This October echoes a different tone.
While in years past I would look forward to picking up a pack of pink peanut M&M’s, this year, whenever I see pink, I stop and remember the women I know who have faced (and are still facing) what the pink represents: breast cancer. What I’ve noticed more than ever is that “Pink Washing” seems to have taken the place of personal testimony and instead of actively advocating for a change, people find themselves enabling a passive reaction without even realizing it. I’m not against wearing a pink ribbon, because it does remind us of the epidemic that is breast cancer, but what I am against is a consumer-driven industry that encourages people to buy rather than visit, to adorn rather than mourn and to cash out rather than reach out.
Many bloggers, writers, activists and celebrities are asking: “Should we hate breast cancer awareness?”.
Could our answer be both “Yes” and “No”?
What if this month you could ensure you didn’t get your period, and it wasn’t because you were pregnant?
What if next month you could make sure the same thing happened?
And the month following that?
Well guess what, you can make this happen! Since the early 2000s women have been flirting with the idea of menstrual suppression. In fact women have always been trying out ways to offset or disrupt their menstrual cycle. History books reveal that women would dip their feet in cold springs, ingest weird herbs and participate in vigorous sports in hopes of missing their monthly cycle. Although we may find these remedies to be a bit far-fetched, these women didn’t have an oral contraceptive that would manipulate their hormones into thinking they were pregnant.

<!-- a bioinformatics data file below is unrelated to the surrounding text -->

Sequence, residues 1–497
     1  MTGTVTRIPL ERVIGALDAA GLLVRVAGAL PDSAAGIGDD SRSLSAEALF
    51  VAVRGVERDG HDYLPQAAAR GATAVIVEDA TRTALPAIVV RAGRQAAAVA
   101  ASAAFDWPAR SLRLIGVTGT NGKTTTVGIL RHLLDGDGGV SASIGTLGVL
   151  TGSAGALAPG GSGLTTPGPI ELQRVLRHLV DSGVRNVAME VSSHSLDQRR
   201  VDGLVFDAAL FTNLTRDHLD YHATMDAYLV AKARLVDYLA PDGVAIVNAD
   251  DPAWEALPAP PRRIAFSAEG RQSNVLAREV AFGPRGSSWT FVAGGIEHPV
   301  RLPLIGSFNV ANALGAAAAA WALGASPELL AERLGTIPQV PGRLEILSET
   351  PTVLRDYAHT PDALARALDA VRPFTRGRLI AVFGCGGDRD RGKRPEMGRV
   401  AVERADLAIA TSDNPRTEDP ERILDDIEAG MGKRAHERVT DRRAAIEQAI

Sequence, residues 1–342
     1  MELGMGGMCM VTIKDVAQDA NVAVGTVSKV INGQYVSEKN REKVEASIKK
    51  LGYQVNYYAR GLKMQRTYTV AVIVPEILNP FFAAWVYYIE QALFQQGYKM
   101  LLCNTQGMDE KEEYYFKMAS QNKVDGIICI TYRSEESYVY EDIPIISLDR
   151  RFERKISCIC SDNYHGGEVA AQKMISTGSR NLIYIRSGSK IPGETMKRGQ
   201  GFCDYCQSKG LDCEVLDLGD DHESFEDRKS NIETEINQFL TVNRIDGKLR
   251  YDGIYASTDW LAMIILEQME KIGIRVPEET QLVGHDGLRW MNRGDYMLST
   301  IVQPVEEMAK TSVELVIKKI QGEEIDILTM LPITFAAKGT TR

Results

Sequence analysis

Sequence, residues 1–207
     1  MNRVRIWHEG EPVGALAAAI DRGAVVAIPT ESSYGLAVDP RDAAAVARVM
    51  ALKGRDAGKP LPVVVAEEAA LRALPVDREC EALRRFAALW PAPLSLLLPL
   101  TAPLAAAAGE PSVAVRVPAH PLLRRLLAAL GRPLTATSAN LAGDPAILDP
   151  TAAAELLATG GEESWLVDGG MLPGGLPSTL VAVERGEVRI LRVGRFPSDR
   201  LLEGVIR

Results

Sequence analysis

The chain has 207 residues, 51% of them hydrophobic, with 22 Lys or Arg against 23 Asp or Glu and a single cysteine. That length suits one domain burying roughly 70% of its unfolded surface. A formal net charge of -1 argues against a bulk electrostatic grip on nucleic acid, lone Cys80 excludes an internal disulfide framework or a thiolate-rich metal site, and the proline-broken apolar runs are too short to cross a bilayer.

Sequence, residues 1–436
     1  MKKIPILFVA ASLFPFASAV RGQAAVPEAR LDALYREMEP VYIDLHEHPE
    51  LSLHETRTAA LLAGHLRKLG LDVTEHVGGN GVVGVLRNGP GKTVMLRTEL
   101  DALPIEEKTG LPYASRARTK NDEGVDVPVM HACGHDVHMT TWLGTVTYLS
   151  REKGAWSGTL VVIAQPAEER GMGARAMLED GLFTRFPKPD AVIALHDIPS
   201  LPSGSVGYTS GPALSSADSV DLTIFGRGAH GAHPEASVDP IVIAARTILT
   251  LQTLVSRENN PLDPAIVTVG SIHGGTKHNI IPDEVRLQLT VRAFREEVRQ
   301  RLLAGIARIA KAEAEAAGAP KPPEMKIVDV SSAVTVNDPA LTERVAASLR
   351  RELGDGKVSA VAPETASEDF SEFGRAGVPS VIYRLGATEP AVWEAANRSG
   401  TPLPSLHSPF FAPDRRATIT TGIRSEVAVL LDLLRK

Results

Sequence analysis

I recently noticed that my menstrual experience is rooted in a “culture of I” mindset. I make my own decisions with what product I will use, the pain reliever method I will carry out and the activities I will participate in.
This “culture of I’ is very different from cultures that view menstruation as a social experience.
Some of you probably knew this one was coming. That’s right the infamous post on vaginal cosmetic surgery and in particular labiaplasty.
A discussion on vaginal plastic surgery is of utmost importance when it comes to menstruation because the two are inseparable and the way they are portrayed in the media play a pivotal role in how women view themselves. In my review of U by Kotex’s “Break the Cycle” social media campaign, I found this exact discussion taking place in one of their Social Experiment web commercials entitled “Rorschach Test”